A San Francisco biotech startup has an unusual solution to Africa's rhinoceros poaching problem: Flood the market with synthetic rhino horn.
Biotech firm Pembient has created a fake rhino horn that is genetically identical to the real thing by using the protein keratin and small amount of rhino DNA. From this chemical reaction, the company can produce a dried powder that is then 3-D printed into a horn-looking object.
As part of its first major initiative to help curb rhino poaching, Pembient is partnering with one of Beijing’s largest brewers to create a beer brewed with the faux rhino horn powder. Rhino beer is consumed as a hangover cure in China and rhino horn is thought to have beauty enhancing properties and ability to counteract impotency. It’s more valuable than cocaine or gold with a single ounce fetching up to $5,000.
"We're like the universal cutting agent,"Matthew Markus, CEO of Pembient, told Fast Company. "In the drug trade, usually a cutting agent is something that's cheaper and inferior to the product being cut. But if we can offer something as good as the product being cut but vastly cheaper, then anyone in the trade will naturally gravitate to using our product."
According to Quartz, African rhinos could go extinct in the next 20 years due to the high demand in countries like China and Vietnam. Pembient does not plan to sell the synthetic horn directly to consumers, but rather plans to partner with cosmetic and pharmaceutical brands to release products made with the new substance.
Markus even argues that his synthetic product is be superior to horns from poachers, because rhinos may eat grasses contaminated with pollutants and that some horns on the black market come from taxidermy shops, which can contain harmful trace elements like arsenic.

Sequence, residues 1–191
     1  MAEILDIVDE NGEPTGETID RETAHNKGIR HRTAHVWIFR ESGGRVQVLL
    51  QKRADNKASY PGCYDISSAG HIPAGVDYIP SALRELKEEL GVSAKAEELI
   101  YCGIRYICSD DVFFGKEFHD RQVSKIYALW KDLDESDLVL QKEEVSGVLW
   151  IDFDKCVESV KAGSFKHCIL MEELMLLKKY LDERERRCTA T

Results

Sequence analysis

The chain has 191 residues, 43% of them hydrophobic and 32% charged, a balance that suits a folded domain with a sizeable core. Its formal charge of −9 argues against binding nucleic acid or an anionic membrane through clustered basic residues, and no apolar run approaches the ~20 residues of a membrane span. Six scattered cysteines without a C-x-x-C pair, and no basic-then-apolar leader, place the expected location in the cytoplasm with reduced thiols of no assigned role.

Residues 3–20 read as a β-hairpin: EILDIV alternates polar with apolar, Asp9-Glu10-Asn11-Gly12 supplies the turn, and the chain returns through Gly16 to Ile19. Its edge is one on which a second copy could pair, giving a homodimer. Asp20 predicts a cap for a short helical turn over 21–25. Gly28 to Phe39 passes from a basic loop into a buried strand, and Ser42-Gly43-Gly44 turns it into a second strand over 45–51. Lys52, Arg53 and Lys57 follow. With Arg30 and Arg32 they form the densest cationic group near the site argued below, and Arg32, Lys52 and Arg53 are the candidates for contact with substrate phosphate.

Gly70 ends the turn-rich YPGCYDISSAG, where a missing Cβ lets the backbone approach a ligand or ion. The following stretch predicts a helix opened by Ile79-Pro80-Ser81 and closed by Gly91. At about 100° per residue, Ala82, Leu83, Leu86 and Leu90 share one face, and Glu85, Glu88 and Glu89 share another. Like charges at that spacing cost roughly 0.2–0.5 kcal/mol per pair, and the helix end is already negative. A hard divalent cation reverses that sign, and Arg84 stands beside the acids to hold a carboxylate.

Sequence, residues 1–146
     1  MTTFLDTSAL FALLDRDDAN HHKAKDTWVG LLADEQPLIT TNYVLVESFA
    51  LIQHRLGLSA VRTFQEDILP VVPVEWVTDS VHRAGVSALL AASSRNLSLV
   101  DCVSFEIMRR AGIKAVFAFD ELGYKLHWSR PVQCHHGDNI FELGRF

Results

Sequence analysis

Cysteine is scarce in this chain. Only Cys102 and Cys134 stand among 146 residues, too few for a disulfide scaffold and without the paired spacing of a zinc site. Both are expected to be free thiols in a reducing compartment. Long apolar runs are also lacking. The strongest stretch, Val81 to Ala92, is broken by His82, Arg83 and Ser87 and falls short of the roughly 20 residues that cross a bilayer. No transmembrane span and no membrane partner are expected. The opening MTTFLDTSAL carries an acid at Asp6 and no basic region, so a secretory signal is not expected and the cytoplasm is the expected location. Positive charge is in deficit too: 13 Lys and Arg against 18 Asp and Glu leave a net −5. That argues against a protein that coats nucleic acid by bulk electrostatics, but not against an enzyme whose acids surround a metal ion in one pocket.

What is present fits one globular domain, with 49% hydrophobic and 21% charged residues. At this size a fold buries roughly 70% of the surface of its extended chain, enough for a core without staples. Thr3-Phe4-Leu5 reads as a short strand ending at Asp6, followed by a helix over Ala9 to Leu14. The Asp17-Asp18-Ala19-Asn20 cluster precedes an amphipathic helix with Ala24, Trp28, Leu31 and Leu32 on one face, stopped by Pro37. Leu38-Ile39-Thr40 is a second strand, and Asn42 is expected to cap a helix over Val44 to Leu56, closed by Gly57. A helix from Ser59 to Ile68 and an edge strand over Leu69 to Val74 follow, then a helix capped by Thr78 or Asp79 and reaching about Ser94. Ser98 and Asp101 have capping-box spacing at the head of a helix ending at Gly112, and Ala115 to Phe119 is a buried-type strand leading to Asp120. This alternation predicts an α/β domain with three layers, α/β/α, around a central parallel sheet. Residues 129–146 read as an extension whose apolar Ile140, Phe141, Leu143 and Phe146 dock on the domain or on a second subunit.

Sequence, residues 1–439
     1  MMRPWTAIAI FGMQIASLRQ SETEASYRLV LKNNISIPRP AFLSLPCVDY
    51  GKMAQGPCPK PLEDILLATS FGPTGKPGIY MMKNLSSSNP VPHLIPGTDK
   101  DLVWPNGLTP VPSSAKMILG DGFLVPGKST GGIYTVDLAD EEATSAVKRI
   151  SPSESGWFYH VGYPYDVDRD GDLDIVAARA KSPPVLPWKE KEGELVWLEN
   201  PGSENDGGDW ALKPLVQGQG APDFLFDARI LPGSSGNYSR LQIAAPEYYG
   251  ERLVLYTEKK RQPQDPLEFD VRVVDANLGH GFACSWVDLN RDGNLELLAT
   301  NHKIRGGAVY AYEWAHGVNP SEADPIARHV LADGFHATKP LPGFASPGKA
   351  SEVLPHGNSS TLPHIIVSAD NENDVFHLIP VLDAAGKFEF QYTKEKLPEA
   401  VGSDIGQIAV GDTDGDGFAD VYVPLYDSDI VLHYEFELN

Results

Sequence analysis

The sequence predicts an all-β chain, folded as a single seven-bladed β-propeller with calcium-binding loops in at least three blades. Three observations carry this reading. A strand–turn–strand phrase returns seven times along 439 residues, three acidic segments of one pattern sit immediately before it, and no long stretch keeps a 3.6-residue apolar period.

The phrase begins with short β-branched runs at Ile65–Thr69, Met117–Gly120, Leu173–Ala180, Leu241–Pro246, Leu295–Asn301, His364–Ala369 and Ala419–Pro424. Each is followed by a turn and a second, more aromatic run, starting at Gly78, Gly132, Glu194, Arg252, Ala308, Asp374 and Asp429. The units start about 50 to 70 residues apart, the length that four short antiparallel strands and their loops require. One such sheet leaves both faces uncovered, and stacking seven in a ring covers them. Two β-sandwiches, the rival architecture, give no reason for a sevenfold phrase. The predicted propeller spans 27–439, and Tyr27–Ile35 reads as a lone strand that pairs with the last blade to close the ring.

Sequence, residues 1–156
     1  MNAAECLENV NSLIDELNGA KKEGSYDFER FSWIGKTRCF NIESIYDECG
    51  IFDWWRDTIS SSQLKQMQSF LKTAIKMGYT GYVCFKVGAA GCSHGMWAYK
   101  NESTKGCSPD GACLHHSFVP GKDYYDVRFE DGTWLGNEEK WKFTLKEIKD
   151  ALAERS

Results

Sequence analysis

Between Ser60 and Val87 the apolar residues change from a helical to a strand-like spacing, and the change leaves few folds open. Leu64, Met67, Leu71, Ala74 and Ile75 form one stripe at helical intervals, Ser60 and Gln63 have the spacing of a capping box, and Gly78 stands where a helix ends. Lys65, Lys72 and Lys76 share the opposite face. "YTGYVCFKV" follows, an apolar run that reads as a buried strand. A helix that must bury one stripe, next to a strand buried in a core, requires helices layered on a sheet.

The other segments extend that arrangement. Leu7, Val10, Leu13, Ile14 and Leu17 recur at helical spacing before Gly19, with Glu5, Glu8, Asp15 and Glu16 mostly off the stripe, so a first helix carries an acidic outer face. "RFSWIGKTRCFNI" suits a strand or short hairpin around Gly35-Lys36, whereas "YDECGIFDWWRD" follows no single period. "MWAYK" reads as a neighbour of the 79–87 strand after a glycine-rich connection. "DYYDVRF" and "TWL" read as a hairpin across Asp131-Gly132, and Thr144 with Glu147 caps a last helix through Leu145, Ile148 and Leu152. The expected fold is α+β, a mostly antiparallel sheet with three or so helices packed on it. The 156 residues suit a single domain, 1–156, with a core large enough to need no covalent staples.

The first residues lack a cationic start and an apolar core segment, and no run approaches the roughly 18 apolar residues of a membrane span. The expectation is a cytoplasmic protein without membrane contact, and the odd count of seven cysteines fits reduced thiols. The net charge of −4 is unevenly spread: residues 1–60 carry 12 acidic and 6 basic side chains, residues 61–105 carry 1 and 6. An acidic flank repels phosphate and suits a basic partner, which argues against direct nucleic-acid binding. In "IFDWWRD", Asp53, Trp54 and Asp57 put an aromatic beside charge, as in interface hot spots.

"In the lab, we can control things, there's control, safety, high standards," Markus told Fast Company. "We can actually create products that are more like the animals 2,000 years ago than the animals today."
But not everyone is onboard with the synthetic-product, anti-poaching scheme.
Susie Ellis, executive director of the International Rhino Foundation, told Quartz that this well-meaning initiative may actually have harmful long term effects to combating the illicit trade.
"Selling synthetic horn does not reduce the demand for rhino horn [and] could lead to more poaching because it increases the demand for 'the real thing,'" said Ellis.
"In addition, production of synthetic horn encourages its purported medicinal value, even though science does not support any medical benefits. And, importantly, questions arise as to how law enforcement authorities will be able to detect the difference between synthetic and real horn, especially if they are sold as powder or in manufactured products."